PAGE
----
Referring to FIG. 1, the drawing shows a press bending apparatus comprising a first or supply conveyor means 10 which delivers glass sheets 11 to the entrance of a furnace 12. The furnace includes a second conveyor means 18 which transports the sheets 11 through the furnace and delivers them to a press bending station 13 where the heat-softened glass sheets are positioned between complementary opposed shaping surfaces provided on press members in the form of moulds. The press bending station is equipped with a third conveyor means (not shown). The bent sheets are then transported through a cooling station 14 where they may be tempered or annealed, and into an unloading station 15, where the bent sheets are transferred onto a fourth conveyor means 19, all in conventional fashion. The apparatus has a centreline 17.
FIG. 2 shows the latter part of furnace 12 and the press bending station 13, comprising a press 69 having opposed press members in the form of moulds as described above. The press is known in general terms from a variety of documents including WO 93/14038 corresponding to U.S. Pat. No. 5,279,635 the disclosure of which is hereby incorporated herein by reference. It comprises a frame 60 with upper mould 61 and lower mould 62 mounted for opposed reciprocating movement within it. Upper mould 61 is preferably a vacuum mould, whereas lower mould 62 is an outline mould and thus constitutes a ring mould. Moulds 61, 62 are each mounted on a platen 63, 64 respectively, which reciprocate vertically, and guided by guiding members 67, 68. Elevator means 108 for the lower mould 62 is provided in the form of actuating cylinder 66: similarly, an actuating cylinder 65 is provided for upper mould 61. The press 69 is provided with third conveyor means 58 in the form of rollers 59 to convey the glass sheet 11 onto the ring constituted by lower mould 62, but the majority of rollers 59 within the press have been omitted from FIG. 2 for clarity. The glass sheet 11 is preferably pressed by lower mould 62 rising up to upper mould 61 so that the sheet is in contact with both moulds simultaneously and is pressed into shape between them. Alternatively, pressing may be achieved as a result of the upper mould 61 descending partway towards the lower mould 62. In either case, the lower mould rises from its initial position during the pressing step.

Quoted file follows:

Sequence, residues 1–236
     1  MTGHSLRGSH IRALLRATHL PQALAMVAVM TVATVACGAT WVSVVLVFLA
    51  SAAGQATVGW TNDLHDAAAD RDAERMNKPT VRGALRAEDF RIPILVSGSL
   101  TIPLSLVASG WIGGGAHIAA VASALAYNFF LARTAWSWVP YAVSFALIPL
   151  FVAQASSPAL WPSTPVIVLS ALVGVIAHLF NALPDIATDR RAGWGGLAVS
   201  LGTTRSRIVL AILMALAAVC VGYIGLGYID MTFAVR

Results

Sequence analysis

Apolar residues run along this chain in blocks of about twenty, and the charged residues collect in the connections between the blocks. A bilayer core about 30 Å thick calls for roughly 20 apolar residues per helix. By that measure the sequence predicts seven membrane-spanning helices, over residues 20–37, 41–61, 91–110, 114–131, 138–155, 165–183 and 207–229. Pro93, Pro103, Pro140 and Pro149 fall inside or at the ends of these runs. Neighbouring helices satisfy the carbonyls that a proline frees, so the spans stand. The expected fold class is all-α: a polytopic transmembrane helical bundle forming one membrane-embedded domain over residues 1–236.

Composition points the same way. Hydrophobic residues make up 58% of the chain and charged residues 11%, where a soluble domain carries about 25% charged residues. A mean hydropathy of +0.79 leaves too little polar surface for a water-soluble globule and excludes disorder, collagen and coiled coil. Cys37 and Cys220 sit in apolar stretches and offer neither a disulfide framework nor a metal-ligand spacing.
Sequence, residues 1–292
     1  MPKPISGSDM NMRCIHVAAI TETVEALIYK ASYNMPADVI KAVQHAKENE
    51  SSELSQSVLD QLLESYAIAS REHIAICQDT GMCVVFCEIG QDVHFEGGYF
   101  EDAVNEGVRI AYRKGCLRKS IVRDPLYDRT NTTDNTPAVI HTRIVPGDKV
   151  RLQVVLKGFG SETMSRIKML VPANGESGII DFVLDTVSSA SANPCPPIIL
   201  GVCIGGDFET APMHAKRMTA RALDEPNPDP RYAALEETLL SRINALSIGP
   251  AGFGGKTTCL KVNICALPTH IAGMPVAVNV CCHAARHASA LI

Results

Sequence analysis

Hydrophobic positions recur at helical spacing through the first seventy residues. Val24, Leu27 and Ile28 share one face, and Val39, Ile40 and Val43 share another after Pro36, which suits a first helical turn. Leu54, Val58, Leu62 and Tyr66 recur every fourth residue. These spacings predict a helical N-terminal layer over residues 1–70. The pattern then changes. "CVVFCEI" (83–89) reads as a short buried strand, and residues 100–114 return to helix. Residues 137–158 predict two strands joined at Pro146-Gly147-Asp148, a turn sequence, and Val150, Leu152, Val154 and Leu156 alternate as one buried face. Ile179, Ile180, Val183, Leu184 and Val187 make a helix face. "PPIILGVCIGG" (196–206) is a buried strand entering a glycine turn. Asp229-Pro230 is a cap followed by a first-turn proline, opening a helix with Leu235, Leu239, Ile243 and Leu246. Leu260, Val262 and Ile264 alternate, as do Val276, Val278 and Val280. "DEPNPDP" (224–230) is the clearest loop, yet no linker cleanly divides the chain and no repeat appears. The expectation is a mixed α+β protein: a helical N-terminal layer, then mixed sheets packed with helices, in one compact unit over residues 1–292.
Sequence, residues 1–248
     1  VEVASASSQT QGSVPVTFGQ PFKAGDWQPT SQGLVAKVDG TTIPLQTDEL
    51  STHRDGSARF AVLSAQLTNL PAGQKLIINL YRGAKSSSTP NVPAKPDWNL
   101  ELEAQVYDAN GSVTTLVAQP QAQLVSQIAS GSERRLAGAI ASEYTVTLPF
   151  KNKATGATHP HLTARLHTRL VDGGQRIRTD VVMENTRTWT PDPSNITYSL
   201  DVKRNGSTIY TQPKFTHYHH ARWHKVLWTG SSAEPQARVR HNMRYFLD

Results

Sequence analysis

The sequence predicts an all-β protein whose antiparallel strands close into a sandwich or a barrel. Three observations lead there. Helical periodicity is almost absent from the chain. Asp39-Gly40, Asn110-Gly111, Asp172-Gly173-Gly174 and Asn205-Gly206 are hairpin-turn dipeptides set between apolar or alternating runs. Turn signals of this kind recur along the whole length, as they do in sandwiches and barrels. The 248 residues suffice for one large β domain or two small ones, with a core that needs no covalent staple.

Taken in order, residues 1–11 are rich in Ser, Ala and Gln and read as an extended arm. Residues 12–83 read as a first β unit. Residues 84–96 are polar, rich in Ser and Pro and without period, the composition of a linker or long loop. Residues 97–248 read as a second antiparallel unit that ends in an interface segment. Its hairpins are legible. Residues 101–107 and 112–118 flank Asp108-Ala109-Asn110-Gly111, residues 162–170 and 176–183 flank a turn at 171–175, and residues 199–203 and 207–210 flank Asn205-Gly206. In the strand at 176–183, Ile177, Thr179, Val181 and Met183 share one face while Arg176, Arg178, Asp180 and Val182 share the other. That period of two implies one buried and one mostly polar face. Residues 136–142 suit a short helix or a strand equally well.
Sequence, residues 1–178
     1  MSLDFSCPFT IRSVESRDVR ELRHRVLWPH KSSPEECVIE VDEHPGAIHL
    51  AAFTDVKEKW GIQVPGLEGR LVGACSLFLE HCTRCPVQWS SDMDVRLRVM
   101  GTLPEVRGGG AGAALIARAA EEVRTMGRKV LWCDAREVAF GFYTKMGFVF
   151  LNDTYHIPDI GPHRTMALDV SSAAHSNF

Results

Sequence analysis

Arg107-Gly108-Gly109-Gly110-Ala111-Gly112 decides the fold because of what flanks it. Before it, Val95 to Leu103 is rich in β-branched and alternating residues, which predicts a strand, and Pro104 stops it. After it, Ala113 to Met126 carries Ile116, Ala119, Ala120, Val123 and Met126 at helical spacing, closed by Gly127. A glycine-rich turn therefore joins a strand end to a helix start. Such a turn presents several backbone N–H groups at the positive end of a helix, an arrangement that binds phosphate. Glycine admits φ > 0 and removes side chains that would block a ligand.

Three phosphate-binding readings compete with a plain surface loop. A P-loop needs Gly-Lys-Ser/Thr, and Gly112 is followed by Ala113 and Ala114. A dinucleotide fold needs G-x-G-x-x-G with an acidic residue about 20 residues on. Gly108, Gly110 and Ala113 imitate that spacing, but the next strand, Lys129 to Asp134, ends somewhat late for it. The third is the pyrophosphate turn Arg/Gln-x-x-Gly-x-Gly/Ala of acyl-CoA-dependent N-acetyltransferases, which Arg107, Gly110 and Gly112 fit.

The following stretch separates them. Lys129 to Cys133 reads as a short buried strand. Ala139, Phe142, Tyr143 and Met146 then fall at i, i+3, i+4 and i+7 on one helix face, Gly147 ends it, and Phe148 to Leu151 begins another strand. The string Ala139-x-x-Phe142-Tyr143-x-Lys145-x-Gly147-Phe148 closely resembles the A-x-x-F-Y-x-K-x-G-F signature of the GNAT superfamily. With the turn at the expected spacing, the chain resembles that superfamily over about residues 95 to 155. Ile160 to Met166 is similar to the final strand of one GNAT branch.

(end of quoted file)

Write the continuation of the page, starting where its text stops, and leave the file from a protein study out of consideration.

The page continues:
FIG. 3 shows more detail of conveyor rollers 59 and the ring constituted by outline lower mould 62. FIG. 3 is a plan view, and so it is the upper surface of mould 62 which is shown. In the embodiment illustrated, some of the rollers 59, such as roller 178, extend across substantially the full width of the apparatus. Others of the rollers 59 are shorter, such as stub rollers 170, which extend from one side of the apparatus partway towards the centreline 17 (FIG. 1), and auxiliary rollers 171, which do not extend all the way to either side of the apparatus, but span the lower mould. Rollers of these types are known in general terms from WO 91/03432 which corresponds to U.S. Pat. No. 5,004,492, the disclosure of which is hereby incorporated herein by reference. The majority of auxiliary rollers 171 are provided within the mould 62. Rollers 59 may be curved so as to complement the curvature of the upper surface of mould 62, and the rollers comprise an inner flexible shaft 172 with an outer flexible sleeve 173 so that they are capable of rotation in a curved configuration, as is well known in the art. The shorter rollers are arranged to terminate as close as possible to the upper surface of mould 62 to optimise support for the heat-softened glass sheet. Similarly, the spacing of rollers 59 in the direction of the centreline 17 of the apparatus (shown on FIG. 1) is small to optimise support for the sheet. Rollers 59 may in general be driven by conventional sprocket and chain means, arranged at the sides of the apparatus (i.e. the top and bottom of FIG. 3), but these are not shown in the drawing. However, auxiliary rollers 171, which do not extend all the way to the sides, require separate drive means and bearings. These rollers are rotatably supported on bearings housed in brackets 174, as are shown in the lower half of FIG. 3. It is to be understood that the roller ends indicated in the upper half of FIG. 3 are similarly supported, although the brackets have not been drawn in for these roller ends.